Is Vagueness a Crime? And Other Reactions to CIA Reports
The Justice Department released a raft of documents yesterday related to the Bush-era CIA's interrogation program as Attorney General Eric H. Holder Jr. announced that he had asked a prosecutor to investigate possible abuses by the agency interrogators. At the same time, the White House announced steps to form a new interrogation unit under the aegis of FBI.
Here are a few reactions from the blogosphere to the documents and Obama administration's actions.
Daphne Eviatar at The Washington Independent asks if Justice Department lawyers could be prosecuted for deliberately writing vague guidelines on interrogation.
Although the inspector general's report is heavily redacted, 33 out of 105 pages in all, it strongly suggests that all of the guidelines governing the detention and interrogation of detainees were approved by Justice Department lawyers. Yet the report also suggests that the way the guidelines were written and approved was so vague as to encourage their violation.
Of course, vagueness isn't a crime. It may be just bad lawyering. But if Justice Department lawyers deliberately wrote or approved the CIA's guidelines in a way that was vague and left "substantial room for misinterpretation" so as to encourage their violation, then they were not acting in good faith. And if they knew that the guidelines, as written, were likely to lead to illegal conduct, then they could be liable for conspiracy to commit torture.
Marcy Wheeler at Emptywheel picks up on a reference in the 2004 CIA inspector general report to an "undated and unsigned document entitled, 'Legal Principles Applicable to CIA Detention and Interrogation of Captured Al-Qa'ida Personnel'" that has yet to appear to the public.
"One of the most important--but least sexy--passages revealed in yesterday's release of the IG Report is this one, on page 22," Wheeler writes on Emptywheel.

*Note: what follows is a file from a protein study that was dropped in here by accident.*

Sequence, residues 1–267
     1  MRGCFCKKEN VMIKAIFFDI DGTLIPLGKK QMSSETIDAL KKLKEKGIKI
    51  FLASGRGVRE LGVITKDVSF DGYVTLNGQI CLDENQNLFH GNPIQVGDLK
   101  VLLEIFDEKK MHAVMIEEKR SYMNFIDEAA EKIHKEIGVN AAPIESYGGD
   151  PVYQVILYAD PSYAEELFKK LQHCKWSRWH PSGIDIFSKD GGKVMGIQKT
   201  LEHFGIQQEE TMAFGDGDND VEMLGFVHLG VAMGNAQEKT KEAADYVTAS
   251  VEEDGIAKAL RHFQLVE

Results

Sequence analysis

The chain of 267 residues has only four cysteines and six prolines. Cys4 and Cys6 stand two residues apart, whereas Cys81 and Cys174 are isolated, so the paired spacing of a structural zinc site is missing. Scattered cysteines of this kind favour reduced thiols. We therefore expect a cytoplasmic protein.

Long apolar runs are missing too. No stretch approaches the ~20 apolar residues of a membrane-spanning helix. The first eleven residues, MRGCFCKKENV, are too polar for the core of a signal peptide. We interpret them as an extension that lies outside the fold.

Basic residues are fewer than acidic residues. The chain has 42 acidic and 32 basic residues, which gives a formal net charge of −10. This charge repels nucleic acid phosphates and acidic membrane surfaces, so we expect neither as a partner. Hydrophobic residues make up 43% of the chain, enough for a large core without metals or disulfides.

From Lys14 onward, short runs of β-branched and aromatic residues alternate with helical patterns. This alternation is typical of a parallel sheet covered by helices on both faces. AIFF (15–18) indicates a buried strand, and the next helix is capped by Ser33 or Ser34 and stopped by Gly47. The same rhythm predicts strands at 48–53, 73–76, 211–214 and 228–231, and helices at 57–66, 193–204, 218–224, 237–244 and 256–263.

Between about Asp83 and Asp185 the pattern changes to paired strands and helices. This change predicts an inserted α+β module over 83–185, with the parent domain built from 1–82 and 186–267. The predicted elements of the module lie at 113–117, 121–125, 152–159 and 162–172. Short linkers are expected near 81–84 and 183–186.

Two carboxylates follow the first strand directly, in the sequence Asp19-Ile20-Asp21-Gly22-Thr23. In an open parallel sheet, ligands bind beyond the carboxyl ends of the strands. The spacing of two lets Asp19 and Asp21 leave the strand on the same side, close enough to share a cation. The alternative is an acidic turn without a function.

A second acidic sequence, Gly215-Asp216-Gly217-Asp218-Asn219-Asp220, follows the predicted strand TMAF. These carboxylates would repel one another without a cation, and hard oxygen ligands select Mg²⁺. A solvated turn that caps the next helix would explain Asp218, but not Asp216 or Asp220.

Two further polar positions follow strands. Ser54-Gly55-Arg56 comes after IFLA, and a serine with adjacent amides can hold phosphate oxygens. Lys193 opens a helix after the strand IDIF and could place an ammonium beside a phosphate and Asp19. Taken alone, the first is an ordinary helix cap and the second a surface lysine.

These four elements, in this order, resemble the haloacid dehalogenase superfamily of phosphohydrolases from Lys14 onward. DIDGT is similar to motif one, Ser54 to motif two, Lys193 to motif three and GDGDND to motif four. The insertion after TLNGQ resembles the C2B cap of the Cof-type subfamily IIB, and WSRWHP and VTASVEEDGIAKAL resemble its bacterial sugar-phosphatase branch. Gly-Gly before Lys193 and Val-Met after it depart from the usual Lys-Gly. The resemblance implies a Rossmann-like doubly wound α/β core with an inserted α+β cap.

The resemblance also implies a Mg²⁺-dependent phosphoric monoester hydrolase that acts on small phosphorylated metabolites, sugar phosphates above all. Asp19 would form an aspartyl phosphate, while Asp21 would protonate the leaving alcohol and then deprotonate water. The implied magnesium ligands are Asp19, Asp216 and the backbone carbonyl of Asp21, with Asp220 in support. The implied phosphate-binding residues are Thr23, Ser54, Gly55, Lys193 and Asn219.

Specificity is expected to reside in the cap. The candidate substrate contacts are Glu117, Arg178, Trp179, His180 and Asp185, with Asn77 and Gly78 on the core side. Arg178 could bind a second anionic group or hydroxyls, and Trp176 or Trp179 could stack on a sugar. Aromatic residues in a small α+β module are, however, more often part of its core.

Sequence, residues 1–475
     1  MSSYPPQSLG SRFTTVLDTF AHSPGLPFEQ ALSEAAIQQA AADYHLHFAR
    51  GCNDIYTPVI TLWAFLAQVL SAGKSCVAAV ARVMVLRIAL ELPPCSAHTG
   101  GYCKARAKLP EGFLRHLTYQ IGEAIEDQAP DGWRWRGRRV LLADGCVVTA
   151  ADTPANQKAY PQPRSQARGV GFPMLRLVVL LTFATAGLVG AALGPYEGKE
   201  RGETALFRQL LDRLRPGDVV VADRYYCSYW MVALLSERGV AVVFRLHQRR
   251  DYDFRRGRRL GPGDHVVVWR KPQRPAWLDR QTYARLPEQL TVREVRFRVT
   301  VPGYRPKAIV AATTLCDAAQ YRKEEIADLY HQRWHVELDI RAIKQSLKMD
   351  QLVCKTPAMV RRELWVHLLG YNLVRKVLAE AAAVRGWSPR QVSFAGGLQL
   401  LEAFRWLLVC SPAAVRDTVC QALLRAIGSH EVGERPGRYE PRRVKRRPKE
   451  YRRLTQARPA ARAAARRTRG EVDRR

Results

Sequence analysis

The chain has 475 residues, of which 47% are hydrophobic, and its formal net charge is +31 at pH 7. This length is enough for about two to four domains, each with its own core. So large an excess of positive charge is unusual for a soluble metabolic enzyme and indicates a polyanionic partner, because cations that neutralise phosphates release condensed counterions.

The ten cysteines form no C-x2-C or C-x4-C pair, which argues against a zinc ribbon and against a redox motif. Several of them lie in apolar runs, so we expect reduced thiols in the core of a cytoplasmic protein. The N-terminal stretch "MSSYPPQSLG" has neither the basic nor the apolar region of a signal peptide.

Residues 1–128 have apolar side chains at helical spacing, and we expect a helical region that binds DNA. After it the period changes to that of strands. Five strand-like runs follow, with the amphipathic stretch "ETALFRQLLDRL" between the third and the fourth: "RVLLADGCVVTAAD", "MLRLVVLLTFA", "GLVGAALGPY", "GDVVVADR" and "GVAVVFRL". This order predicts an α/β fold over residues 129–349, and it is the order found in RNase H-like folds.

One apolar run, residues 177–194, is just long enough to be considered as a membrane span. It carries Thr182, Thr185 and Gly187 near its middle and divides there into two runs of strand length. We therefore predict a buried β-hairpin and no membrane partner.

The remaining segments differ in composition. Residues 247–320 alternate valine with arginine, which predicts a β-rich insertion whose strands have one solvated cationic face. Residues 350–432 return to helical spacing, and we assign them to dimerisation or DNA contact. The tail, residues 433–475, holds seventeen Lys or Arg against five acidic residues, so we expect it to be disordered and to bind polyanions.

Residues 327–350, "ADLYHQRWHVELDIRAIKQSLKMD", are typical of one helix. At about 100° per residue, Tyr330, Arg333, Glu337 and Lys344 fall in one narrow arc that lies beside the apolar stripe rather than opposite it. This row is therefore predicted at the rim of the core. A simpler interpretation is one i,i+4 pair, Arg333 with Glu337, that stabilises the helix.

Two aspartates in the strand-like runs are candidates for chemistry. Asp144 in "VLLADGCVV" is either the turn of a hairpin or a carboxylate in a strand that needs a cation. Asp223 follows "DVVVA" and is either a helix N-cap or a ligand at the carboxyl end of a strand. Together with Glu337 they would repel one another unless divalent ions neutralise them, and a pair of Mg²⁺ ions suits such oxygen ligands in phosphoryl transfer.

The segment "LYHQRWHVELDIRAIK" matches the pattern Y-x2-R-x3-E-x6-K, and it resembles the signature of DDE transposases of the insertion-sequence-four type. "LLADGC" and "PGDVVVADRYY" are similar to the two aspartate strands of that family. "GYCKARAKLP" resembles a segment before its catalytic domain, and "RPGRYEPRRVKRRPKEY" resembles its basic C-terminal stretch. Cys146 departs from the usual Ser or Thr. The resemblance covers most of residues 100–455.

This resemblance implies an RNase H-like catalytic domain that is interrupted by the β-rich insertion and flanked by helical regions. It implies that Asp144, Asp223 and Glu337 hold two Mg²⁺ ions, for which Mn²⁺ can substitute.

[The unsigned document] is important for several reasons. First, it explains how CIA decided it was okay to torture detainees without first--as they had done with Abu Zubaydah--assuring DOJ that the detainee was truly a High Value Detainee and was "fit" to be tortured. It explains how a memo authorizing the torture of one person came to authorize an entire regime of torture.
It also explains why the CIA continued to claim that its torture program did not violate CAT [Convention Against Torture]....For years, Congress kept pushing CIA to get OLC [Office of Legal Counsel] to do a real assessment of whether the torture program violated CAT's prohibition on cruel and inhuman treatment... But it turns out all this time there was an undated, half-official document declaring the Fifth, Eighth, and Fourteenth Amendment invalid for this program. And, at the same time, dismissing the War Crimes statute. Poof! One unsigned, undated document, and there go several critical laws governing detainee treatment.
Jeff Stein at Congressional Quarterly's Spy Talk blog identifies another agency that has lost influcence now that The Obama administration has shifted interrogation oversight from the CIA to the White House, as the Post's Ann Kornblut reported yesterday.
What will become of the Office of the Director of National Intelligence [ODNI], which was "set up after 9/11 to put the 16 intelligence agencies into a harness"? Stein asks.
It's hard to find any clear winners in the new interrogations set-up confirmed by the White House on Monday, but it's easy to spot the losers: Leon Panetta and Dennis Blair....The CIA director's nose had already been out of joint ever since Blair, the navy admiral who heads the uber-spook Office of National Intelligence, decided to terminate the CIA's longtime prerogative of naming station chiefs, the top U.S. intelligence official in American embassies....But now Blair has reason to be unhappy, too: If the ODNI doesn't deserve the HIG, what's its role in this world?
Salon's Glenn Greenwald goes through various interrogation practices detailed in the IG report that he says every American should know about.
Perhaps worst of all, the Report notes that many of the detainees who were subjected to this treatment were so treated due to "assessments that were unsupported by credible intelligence" -- meaning there was no real reason to think they had done anything wrong whatsoever. As has been known for quite some time, many of the people who were tortured by the United States were completely innocent -- guilty of absolutely nothing.
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